Pears are in full bloom to early petal fall. Fungicide applications for pear scab are ongoing. During bloom, the risk for fire blight increases with warm and wet conditions. Pear growers should use the predictive fire blight model on Enviroweather to determine their risk. The infection period for fire blight mentioned in the apple section may have been significant for pear varieties susceptible to this disease. Treatments for pear psylla are applied post-bloom and target rapid shoot growth and succulent leaves.

Small fruit

Grapes are at bud burst in Concord, Niagara and very early varieties such as Marquette. Most hybrids and vinifera wine grapes are at various stages of bud swell. This is the last week where copper or sulfur products should be used, and only in vineyards where the buds have not yet opened. This application reduces this season’s disease pressure of downy mildew, black rot, phomopsis and powdery mildew. On sites where grape flea beetles and climbing cutworm are present, expect feeding to continue.

Growers should scout sites with a history of bud damage. Look for blackened or hollowed out buds and treat if above thresholds of 2 percent for cutworm and 4 percent for flea beetle. As buds burst and shoot growth begins, grapes become very susceptible to freeze injury. See “How cold can grapes go?” on the MSU Extension Grapes Weather and Climate page for more information. Growers should prepare to make the first application for phomopsis in vulnerable varieties when the leaves fold back from the clusters.

Blueberries are at pink bud and the early blooming varieties are starting to open in warmer sites away from the lake. Leaves are starting to unfold on the new shoots. Mummy berry trumpets are up and growers should scout in areas where mummy berry has been a problem. Apply early season fungicides to protect against mummy berry shoot strike now before the wet weekend and bloom. Now that the flowers are beginning to open, be prepared to use sprinkler irrigation systems to reduce damage to the flowers if a frost or freeze is predicted. See “Using Sprinklers to Protect Blueberries from Spring Freezes” by MSU Extension for more information.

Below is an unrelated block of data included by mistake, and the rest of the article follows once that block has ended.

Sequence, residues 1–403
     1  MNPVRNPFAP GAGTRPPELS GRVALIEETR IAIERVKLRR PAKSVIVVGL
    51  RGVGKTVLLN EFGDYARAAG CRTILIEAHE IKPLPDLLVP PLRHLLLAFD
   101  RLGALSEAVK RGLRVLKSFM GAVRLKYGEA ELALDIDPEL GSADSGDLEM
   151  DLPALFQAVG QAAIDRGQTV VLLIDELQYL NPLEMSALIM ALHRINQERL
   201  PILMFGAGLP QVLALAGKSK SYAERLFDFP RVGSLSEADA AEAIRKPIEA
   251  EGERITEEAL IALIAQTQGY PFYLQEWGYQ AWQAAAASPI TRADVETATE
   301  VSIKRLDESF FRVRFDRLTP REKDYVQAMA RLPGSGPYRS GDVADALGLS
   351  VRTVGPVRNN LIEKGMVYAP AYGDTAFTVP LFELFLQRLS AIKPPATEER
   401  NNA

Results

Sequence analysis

Bluetta first bloom

Bluetta blueberry flowers are beginning to open. Photo: Mark Longstroth, MSU Extension.

Strawberry flower trusses are emerging the crown. Once strawberry flower buds above the ground, they can be hurt by temperatures in the 20s. Growers should have their sprinklers set up for freeze protection since the flower buds are vulnerable to freeze injury.

Bramble leaves have unfolded on the floricanes. Dormant pruning should be finished and lime sulfur sprays for anthracnose should be on. Scout for orange rust; spray to reduce its spread should be applied now.

Saskatoons are blooming.

Upcoming meetings

Attend a blueberry pre-bloom meeting in Van Buren County on April 27 from 5:30-7:30 p.m. at Haven Harvesters in South Haven, Michigan. There will be talks on early season insect, disease and weed control, frost control and irrigation by MSU extension fruit specialists and educators. An online registration form will be available soon. This meeting is sponsored by Haven Harvesters LLC, New Age/Landmark Laboratories and Bronsink Equipment. The sponsors are providing a light supper at the beginning of the meeting.

Our next Monday fruit IPM meeting is Monday, May 2, at Fruit Acres Farms, 3452 Friday Rd, Coloma, MI at 5 p.m. Two Michigan RUP applicator recertification credits are available at these meetings.